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Nissan to triple number of EV fast-chargers in the U.S.


January 31, 2013

Sights like this will soon be more commonplace across the U.S. with Nissan planning to roll out more than 500 new quick-charging stations across the country

Sights like this will soon be more commonplace across the U.S. with Nissan planning to roll out more than 500 new quick-charging stations across the country

Nissan is looking to make it easier for U.S. owners of its LEAF and other electric vehicles to charge their batteries when out and about. Over the next 18 months the automaker plans to add at least 500 quick-charging stations across the country, with the roll out to include the first fast-charge network for the greater Washington D.C. area.

Nissan estimates there are currently only around 160 fast chargers available for public use across the U.S., a number that is sure to exacerbate many an EV owner’s range anxiety and keep many of them tethered fairly close to home. A tripling of the existing fast-charger count will provide additional charging options and, Nissan no doubt is hoping, improve sales of EVs.

In partnership with NRG Energy, whose eVgo Network currently operates in Houston and Dallas/Fort Worth, Nissan says it will work with its dealers and local municipalities to provide extra charging options through its dealer network, workplace campus locations and within local neighborhoods where drivers spend the bulk of their time.

A major part of the charging infrastructure expansion will be a network of 40 eVgo Freedom sites across the greater Washington D.C. area that will each have a Nissan fast charger that can provide an 80 percent charge in less than 30 minutes. NRG has also announced similar networks for the San Francisco, Los Angeles, San Diego and San Joaquin Valley areas.

As well as the 500 public fast-chargers it plans to install in the next 18 months, Nissan says it is looking to increase on the roughly 1,500 charging stations currently available in workplaces by getting companies who already offer such technology to share their experiences with companies interested in getting on board.

Source: Nissan

About the Author
Darren Quick Darren's love of technology started in primary school with a Nintendo Game & Watch Donkey Kong (still functioning) and a Commodore VIC 20 computer (not still functioning). In high school he upgraded to a 286 PC, and he's been following Moore's law ever since. This love of technology continued through a number of university courses and crappy jobs until 2008, when his interests found a home at Gizmag. All articles by Darren Quick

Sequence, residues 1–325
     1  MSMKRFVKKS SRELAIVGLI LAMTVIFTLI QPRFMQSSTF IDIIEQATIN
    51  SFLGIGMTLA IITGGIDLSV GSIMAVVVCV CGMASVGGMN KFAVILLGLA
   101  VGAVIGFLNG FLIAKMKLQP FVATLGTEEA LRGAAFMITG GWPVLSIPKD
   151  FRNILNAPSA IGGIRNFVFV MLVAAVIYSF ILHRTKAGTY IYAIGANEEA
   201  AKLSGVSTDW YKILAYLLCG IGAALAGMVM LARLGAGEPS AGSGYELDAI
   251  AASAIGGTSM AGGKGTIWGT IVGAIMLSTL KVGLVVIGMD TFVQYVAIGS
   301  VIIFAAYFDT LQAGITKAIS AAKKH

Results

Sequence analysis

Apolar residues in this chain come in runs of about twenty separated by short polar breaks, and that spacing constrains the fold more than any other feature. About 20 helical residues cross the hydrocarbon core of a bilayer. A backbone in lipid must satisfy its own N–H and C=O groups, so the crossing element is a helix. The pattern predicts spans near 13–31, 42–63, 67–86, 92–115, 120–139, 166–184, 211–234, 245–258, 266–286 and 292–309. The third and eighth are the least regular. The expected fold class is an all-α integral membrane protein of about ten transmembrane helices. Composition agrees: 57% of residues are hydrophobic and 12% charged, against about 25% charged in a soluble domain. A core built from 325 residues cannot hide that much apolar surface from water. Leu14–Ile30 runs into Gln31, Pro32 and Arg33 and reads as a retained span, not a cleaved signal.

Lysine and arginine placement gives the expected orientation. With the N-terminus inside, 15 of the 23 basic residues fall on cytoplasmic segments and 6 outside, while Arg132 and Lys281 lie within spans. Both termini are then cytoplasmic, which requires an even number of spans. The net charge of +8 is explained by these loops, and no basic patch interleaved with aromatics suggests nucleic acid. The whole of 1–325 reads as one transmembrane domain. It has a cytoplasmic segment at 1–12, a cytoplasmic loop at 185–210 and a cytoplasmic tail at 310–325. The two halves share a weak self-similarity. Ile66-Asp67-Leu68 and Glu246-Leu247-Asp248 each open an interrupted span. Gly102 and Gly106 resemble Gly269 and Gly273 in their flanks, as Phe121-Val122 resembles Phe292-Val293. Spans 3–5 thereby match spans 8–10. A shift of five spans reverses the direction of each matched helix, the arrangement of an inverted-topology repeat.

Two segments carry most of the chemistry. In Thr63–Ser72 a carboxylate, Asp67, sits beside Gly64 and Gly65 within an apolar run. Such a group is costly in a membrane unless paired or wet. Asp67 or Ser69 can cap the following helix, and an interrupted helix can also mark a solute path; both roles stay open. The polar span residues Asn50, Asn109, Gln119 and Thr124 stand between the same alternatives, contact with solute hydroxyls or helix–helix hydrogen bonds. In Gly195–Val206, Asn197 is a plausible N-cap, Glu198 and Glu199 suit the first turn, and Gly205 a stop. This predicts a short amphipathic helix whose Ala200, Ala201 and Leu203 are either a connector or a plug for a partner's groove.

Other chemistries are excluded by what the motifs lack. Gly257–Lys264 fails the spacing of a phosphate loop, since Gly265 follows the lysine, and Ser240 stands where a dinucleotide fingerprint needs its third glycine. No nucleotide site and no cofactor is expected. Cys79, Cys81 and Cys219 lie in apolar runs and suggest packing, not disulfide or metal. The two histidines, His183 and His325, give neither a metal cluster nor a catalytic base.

Charging stations are great but don't forget - everything has a price. The cost is not just in dollars but there still remains the demand on the environment. Nothing is free! Even free energy still has a middle man.


The cost of not doing this is both in dollars and in our health. Electric cars will come, it is just a matter of time, but they are only the first steps. The demand on our environment by our present system of individual automobile use, especially in those cities listed, is what is unsustainable in urban life. Just the excess heat generated from all that inefficient transport in a small area affects weather hundreds of miles away from such cities, as well as swelling the use of urban air conditioning. That too is a poorly efficient process compounding the problem it seeks to solve.

Paul Gracey

I own a Nissan Leaf and I love it. We live in Leavenworth Kansas and drive back and forth to Kansas City on a regular basis. I have never ran out of charge. I pay 6 cents a kwh for electricity and it costs $1.46 to “fill up” my car. There are over 50 charging stations in Kansas City and most are free. I have never paid more than $21 for electricity in a single month. I drive the car about 1200 miles a month. I pay $178 a month for my lease. I was paying over $300 a month for gas in my Dodge Durango. I will never replace an air filter, oil and filter, muffler, spark plugs, alternator; clutch; fuel filter; fuel injectors and pump; motor mounts; O2 sensors; power steering fluid ; radiator and assorted pipework; serpentine belt; spark plug wires; starter motor; thermostat; timing belt; transmission or anything to do with regular transmissions (adjustment, fluids, filters) and a water pump again. My Leaf is very fast and I can beat most gas cars off the line at stop lights. It has the power to zip into traffic from on ramps to highways with ease. The power and torque is immediate with an electric motor. While driving the Leaf, I do not support terrorists (like the ones from Saudi Arabia that attacked us on 9/11). I support my Country by using totally American energy. My car can run on wind, coal, hydroelectric, solar, nuclear etc. A gas car will only and always run on gas. I am supporting American workers because the Leaf and its’ batteries are built here in America at the Nissan plant in Smyrna Tennessee. I love the way the car drives, how quiet it is, how much room it has inside and the feeling of freedom I get by knowing that I am not tied to a pump and a slave to oil companies. The car has every tech gadget I could ever want including back up camera, GPS, XM radio, blue tooth and voice recognition. The car can even text me if I forget to plug it in at a certain time or when it is done charging. It also honks the horn if I put too much air in the tires. These cars are getting better and more affordable every year. More and more charging stations are being installed daily. Home charging stations are getting cheaper as well and can be purchased at Home Depot and other such stores. Do your own research and most importantly, go test drive an electric car and see if it works for you. It might not but if it does you will be a very happy camper. Speaking of camping, you can also plug an electric car in at RV sites :)

Mark Higley
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